For the last post of my Indian-Breads Fest, following India’s household bread Chapati-Roti, a homemade version of the popular Naan, and versatile fermented Dosa crepes, is north India’s creation which has become a pan-India staple, stuffed Paratha.
Many Indian food fans believe that Indian bread is best consumed in restaurants or as packaged food.
With my Indian-Breads Fest, I hope to have changed this notion, by giving pictorials and step-by-step guides to homemade versions of versatile, at times healthful, and always delicious breads from different parts of India.
These dough and batters are very much doable in your home kitchen with common ingredients, and just a little imagination to get to your favorite topping or stuffing.
Now let’s talk Paratha…
Difference between Paratha and Chapati
Techniques for making Paratha and Chapati differ, but the dough for both flat-breads is similar and generally made using whole wheat flour ‘Atta‘; although at times, other flour varieties can be mixed in.
A Paratha is cooked in oil or clarified butter Ghee, and the dough is sometimes flavored with whole spices like cumin seeds.
How to Make a Paratha
An Indian Paratha can be made plain or as a stuffed paratha.
Plain paratha is generally layered in a multitude of ways using fat/oil. Common layering techniques give rise to the triangular paratha, and the much-loved and rather rich Laccha Paratha, in which coils of dough are rolled into a circle.
The well known stuffed Parathas of north India use a simple technique of adding a stuffing mix of spiced vegetables to the dough, which is then rolled out into a flatbread, like the one in this recipe.
At times, ingredients for the stuffing are kneaded directly into the dough, a method most often seen in western India, and one of my favorites, as found in the spinach and mint paratha, as well as my potato and parsley paratha recipes.
While taking you through the basic technique of making a stuffed Paratha; for today’s recipe I’ve created a delightful and minimally spiced stuffing mix of kale (easily replaced with spinach), cauliflower and aromatic roasted crushed fennel seeds.
Peak at the end of this recipe for 5 amazing stuffing ideas for Paratha.
- 2 cups Indian Atta or whole wheat flour (an equal mix of regular whole wheat flour & whole wheat pastry flour works well)
- 1 tablespoon canola oil
- ½ teaspoon salt
- ½ cup water, plus up to 2 tablespoon more as required
- ¼ cup kale leaves (or spinach, if preferred)
- ¼ cup cauliflower florets, chopped in pieces
- 1 teaspoon fennel seeds or Saunf, dry-roasted and finely crushed (See note)
- ½ teaspoon ground cumin
- ¼ teaspoon ground coriander
- ½ teaspoon salt
- ¼ teaspoon dry mango powder or Amchur (optional, if on hand)
- Oil or clarified butter/Ghee for cooking the Paratha
- (Check out my Chapati recipe for a detailed step-by-step pictorial on making this dough)
- In a large bowl or in a food processor bowl, bring together whole wheat flour, oil and salt. Add water to the dough slowly and knead well for about 5-7 minutes till a soft pliable dough is formed. Food processors help shorten kneading times.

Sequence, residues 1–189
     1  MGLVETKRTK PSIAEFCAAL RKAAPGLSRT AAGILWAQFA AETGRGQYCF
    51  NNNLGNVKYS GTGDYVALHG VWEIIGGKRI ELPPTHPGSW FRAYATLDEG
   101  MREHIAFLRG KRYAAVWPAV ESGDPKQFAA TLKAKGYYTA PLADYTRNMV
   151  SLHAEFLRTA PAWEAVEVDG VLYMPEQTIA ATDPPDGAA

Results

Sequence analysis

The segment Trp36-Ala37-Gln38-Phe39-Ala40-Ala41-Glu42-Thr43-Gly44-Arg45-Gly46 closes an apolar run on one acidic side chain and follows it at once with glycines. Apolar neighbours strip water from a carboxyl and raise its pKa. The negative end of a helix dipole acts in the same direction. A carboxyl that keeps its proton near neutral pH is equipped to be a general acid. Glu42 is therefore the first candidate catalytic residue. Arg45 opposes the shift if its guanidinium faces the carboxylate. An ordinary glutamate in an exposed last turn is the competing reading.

- Tip: If you’ve added too much water in error, sprinkle more flour and knead it into the dough. Unlike many baked flour-based recipes, this dough is not an exact science.
- Put the soft dough back in the bowl and cover with a damp kitchen towel for the dough to rest (dough will not rise,) while you get the stuffing mixture ready.
- The stuffing mix can be made in a food processor by adding cauliflower florets, kale leaves, spices, salt and dry-roasted crushed fennel seeds to the bowl, and using the 'pulse or chop' mode. The stuffing should NOT become a smooth paste, but instead have a chopped/grated texture.
- Alternately, make the vegetable stuffing by grating or finely chopping the cauliflower florets and kale leaves, and mixing in the spices, salt and dry-roasted crushed fennel seeds.
- Put the stuffing mixture in a kitchen towel and squeeze out some of the liquid, before making the stuffed Parathas.
- Roll out the dough into a log, and divide in 6 equal parts. Make dough roundels with each part.
- Also, divide the vegetable mix into six rounds of about a teaspoon each.
- Heat a flat cast iron griddle 'tawa' on the stovetop.
- Dust a wooden board or a clean kitchen counter with whole wheat flour. Flatten a dough portion to a 3 inch circle. Put the vegetable stuffing in the middle of the circular dough and completely cover the stuffing with dough. (Check the pictorial above.)
- Using a rolling pin, roll out the stuffed flat-bread into a 5-6 inch circle. Do not apply too much pressure while rolling or the stuffing will come through the dough. If it does, cover the stuffing with flour and continue rolling.
- Add ½ teaspoon of canola oil or ghee to the hot griddle, and cook the flatbread for 2-3 minutes per side, adding more oil/Ghee as desired; the stuffing needs to cook completely and there will be a brown crust on the Paratha.
- Repeat this step for each Paratha; keep the cooked ones warm and soft, covered in a paper/cloth kitchen towel till they are consumed.
- Unused dough and stuffing mix can be refrigerated in an airtight container for 2-3 days.
- Serve Kale and Cauliflower Paratha with a dab of butter, for breakfast/brunch or a light meal.
- Spring onions; finely chopped and spiced
- Sage and garlic mix
- Shredded cheese with fresh herbs
- Grated hard boiled eggs
- Stir-fried and spiced ground meat like turkey or beef
- To dry roast whole spices like fennel seeds, roast them on a dry hot pan or griddle without any oil, till the aroma of the spice reaches you; keep an eye since they burn quickly. Crush the roasted spice with a mortar-pestle or in a spice grinder. Read more on handling whole spices in 'The Whole Truth on Whole Spices'.
Subscribe to Blog via Email
Disclosure: This post contains affiliate links. For the full disclosure notice, please read here